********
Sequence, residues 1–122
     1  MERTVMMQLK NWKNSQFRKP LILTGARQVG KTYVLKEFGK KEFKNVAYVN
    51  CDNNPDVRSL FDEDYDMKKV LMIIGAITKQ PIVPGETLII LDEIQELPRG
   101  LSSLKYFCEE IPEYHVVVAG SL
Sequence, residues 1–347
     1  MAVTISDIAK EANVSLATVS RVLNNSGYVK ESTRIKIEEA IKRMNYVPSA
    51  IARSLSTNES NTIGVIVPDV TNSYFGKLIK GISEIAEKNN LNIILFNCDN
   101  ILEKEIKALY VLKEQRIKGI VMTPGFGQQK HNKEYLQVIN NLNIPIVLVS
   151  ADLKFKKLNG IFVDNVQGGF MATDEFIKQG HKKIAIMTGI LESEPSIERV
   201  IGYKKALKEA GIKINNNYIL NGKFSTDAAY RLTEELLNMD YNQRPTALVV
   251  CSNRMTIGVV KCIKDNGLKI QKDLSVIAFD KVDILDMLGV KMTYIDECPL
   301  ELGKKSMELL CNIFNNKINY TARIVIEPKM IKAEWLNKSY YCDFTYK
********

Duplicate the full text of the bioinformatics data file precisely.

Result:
Sequence, residues 1–122
     1  MERTVMMQLK NWKNSQFRKP LILTGARQVG KTYVLKEFGK KEFKNVAYVN
    51  CDNNPDVRSL FDEDYDMKKV LMIIGAITKQ PIVPGETLII LDEIQELPRG
   101  LSSLKYFCEE IPEYHVVVAG SL
Sequence, residues 1–347
     1  MAVTISDIAK EANVSLATVS RVLNNSGYVK ESTRIKIEEA IKRMNYVPSA
    51  IARSLSTNES NTIGVIVPDV TNSYFGKLIK GISEIAEKNN LNIILFNCDN
   101  ILEKEIKALY VLKEQRIKGI VMTPGFGQQK HNKEYLQVIN NLNIPIVLVS
   151  ADLKFKKLNG IFVDNVQGGF MATDEFIKQG HKKIAIMTGI LESEPSIERV
   201  IGYKKALKEA GIKINNNYIL NGKFSTDAAY RLTEELLNMD YNQRPTALVV
   251  CSNRMTIGVV KCIKDNGLKI QKDLSVIAFD KVDILDMLGV KMTYIDECPL
   301  ELGKKSMELL CNIFNNKINY TARIVIEPKM IKAEWLNKSY YCDFTYK